Canberra — Many Australians watched the televised wedding of Prince Charles as avidly as anyone. But there is little likelihood that the Prince will be nominated by Queen Elizabeth to be the governor-general of Australia.
Among the reasons: lingering Australian sentiment in favor of making Australia a nonmonarchist republic and a widespread preference for a native Australian as governor-general.
Newspaper publication of embarassing private remarks allegedly made by the Prince when he visited Australia in May is another reason a proposal to appoint the prince governor-general has been shelved. The Prince's standing was hurt even though the royal family denied the conversations were authentic.
Prince Charles had actively explored the idea of an appointment with leading politicians when he was in Australia earlier this year. But public-opinion polls and the opposition of Australia's Labor Party have apparently persuaded him an appointment is unlikely.
Prime Minister Malcolm Fraser has supported the idea of Prince Charles being made governor-general. But even he is no longer actively pursuing the possibility.
A poll earlier this year found 53 percent of Australians in favor of appointing an Australian -- even if Prince Charles were nominated by the Queen. Only 21 percent were in favor of making Prince Charles governor general.
Still, the most recent poll (a year ago) said that only about 31 percent of Australians want Australia to become a republic, with about 61 percent opposed. There has been a shift of 5 or 6 percent in favor of republicanism in the past five years, according to the polls.
On this question some political parties appear to be "ahead" of public opinion.
At the height of enthusiasm over the wedding of Prince Charles, Australia's oldest political party, the Labor Party, declared it favored making Australian a republic.
The Labor Party is at present in opposition in the federal parliament, but holds power in two of Australia's six states.
Republican sentiments were in abundance when the Labor Party came into being, 90 years ago. They subsided when the six Australian colonies formed a federated Australian nation at the turn of the century.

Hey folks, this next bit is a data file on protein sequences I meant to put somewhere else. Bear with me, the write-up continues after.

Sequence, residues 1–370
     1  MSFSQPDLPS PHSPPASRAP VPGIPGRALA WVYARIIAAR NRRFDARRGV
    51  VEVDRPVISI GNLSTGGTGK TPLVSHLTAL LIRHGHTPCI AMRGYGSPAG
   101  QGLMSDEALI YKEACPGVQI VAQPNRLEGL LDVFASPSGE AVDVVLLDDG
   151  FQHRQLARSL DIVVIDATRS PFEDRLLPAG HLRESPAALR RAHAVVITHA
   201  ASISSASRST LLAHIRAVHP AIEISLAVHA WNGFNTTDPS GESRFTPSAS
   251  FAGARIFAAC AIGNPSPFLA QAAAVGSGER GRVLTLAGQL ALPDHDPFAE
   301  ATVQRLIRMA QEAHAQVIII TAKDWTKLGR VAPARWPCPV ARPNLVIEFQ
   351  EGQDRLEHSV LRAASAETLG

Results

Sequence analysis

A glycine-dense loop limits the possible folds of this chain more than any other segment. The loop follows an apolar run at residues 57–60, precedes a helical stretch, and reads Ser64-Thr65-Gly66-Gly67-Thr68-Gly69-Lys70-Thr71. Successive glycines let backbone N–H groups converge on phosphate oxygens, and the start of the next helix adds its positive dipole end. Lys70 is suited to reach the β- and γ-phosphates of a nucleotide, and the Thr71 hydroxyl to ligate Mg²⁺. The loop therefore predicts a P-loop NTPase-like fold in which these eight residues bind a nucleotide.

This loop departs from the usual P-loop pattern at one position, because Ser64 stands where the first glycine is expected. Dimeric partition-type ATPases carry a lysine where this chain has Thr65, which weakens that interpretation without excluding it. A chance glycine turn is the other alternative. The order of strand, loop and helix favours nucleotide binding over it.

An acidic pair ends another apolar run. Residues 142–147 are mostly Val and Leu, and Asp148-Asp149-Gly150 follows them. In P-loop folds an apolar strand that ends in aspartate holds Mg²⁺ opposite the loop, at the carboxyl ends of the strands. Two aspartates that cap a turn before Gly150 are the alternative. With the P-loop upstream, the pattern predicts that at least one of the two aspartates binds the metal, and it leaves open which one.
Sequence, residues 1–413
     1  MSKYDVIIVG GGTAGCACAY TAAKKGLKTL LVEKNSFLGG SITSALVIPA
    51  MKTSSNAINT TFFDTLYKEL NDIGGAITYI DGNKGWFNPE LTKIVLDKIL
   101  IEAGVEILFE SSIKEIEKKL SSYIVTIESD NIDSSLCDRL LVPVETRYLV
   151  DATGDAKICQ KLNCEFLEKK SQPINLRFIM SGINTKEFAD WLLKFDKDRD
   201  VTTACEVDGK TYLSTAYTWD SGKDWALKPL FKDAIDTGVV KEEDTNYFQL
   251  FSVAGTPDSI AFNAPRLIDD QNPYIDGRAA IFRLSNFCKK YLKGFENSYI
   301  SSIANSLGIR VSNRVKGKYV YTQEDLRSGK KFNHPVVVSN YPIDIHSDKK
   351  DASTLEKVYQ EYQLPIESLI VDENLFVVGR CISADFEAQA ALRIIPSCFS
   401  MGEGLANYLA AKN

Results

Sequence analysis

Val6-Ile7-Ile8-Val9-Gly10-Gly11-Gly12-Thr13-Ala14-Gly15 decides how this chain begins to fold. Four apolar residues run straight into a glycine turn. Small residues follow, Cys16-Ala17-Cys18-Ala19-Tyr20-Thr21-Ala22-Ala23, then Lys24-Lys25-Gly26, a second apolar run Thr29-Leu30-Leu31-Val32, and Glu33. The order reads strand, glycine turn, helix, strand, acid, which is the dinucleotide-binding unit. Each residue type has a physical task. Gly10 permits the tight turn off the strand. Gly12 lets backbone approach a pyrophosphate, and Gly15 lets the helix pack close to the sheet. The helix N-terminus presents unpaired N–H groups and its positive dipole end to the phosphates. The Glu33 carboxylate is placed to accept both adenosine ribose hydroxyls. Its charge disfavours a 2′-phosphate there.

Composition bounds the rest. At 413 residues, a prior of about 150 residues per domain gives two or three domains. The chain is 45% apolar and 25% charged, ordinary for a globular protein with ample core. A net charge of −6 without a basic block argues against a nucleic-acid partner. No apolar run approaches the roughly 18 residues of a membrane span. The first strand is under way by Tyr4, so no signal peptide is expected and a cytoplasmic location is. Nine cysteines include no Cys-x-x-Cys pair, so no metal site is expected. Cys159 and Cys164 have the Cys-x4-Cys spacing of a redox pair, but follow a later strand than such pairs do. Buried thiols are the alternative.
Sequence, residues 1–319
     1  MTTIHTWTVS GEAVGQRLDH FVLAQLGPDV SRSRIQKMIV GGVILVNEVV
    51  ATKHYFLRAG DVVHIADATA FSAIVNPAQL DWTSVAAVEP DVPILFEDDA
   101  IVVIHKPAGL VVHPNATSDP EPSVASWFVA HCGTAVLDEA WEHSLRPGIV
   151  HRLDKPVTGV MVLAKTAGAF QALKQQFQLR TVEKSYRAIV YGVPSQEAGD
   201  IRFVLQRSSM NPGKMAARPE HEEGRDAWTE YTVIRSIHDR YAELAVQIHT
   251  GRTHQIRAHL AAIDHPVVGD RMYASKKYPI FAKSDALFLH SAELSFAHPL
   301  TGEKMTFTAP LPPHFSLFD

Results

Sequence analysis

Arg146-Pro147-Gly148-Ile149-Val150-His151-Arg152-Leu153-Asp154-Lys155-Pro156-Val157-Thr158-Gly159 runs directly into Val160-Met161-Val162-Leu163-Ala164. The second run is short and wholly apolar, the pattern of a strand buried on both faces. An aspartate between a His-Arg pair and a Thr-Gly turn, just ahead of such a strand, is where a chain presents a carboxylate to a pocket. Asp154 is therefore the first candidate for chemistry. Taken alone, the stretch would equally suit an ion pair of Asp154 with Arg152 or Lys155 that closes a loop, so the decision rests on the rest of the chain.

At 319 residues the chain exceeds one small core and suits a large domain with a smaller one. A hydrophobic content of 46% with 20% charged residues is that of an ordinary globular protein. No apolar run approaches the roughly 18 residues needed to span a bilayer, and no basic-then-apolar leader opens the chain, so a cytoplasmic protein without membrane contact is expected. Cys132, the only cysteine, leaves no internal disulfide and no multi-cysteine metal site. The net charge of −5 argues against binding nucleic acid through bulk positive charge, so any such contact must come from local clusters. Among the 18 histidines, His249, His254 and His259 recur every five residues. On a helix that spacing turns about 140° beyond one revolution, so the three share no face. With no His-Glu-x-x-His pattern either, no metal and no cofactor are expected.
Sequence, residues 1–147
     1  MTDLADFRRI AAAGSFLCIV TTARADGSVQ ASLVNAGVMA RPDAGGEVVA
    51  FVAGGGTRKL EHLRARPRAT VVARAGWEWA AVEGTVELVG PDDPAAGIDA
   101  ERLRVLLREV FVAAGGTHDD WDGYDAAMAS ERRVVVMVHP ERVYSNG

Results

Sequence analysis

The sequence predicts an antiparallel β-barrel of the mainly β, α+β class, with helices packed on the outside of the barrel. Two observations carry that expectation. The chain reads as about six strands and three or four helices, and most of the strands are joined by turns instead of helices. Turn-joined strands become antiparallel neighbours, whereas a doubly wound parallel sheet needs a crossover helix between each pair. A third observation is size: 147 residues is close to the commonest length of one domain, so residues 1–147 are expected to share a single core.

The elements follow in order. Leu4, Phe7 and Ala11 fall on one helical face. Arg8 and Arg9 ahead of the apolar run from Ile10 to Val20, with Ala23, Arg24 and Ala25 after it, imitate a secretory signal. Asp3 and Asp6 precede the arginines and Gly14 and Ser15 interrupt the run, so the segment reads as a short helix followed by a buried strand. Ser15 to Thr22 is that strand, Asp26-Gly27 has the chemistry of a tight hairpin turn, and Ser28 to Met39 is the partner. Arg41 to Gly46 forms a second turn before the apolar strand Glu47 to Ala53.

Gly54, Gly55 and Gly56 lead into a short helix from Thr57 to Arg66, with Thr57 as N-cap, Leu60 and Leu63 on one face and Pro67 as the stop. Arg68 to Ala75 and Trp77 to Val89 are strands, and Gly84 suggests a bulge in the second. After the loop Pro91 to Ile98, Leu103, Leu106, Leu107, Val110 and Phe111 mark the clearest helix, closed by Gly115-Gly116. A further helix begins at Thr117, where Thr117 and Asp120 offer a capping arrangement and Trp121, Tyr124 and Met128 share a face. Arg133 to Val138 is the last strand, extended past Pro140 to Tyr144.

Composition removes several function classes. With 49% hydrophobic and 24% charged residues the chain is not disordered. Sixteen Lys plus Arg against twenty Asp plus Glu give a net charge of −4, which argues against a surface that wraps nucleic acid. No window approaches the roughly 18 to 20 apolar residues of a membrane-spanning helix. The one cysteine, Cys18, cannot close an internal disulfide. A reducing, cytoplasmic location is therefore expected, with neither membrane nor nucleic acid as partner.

Suggestions that Australia should cease to be a monarchy received little attention until 1975, when the government of Labor Prime Minister Gough Whitlam was turned out of office by the governor-general -- theoritically the Queen's representative in Australia.
There was considerable debate about the Australian system of government, and the possibility of the use of a presidential rather than parliamentary system. But republican sentiments generally got little support.
It seemed the notion had faded away -- until recently when the Labor Party held a special conference to consider its organization and its policies.
The Labor Party conference passed, with a vote of 28 to 22, a resolution committing the Labor Party to a republican form of government.
The resolution sparked remarkably little public comment, even though it was passed within 48 hours of the royal wedding.
The following day the leader of the Australian Democrats, Australia's fourth-largest party, remarked that he, too, favored a republican type of government in Australia, provided Australia remained within the British commonwealth of nations.
Even so, the Labor Party is unlikely to devote any serious political effort to trying to persuade Australians that they should choose republicanism, partly because of the unpopularity of the proposal and partly because of its impracticality.
Australia is locked into the present system of government until it changes its Constitution.
On such a major issue as the form of government, a major change would require approval in a referendum which would need to gain a majority in every state in Australia.
That is not going to happen in the foreseeable future.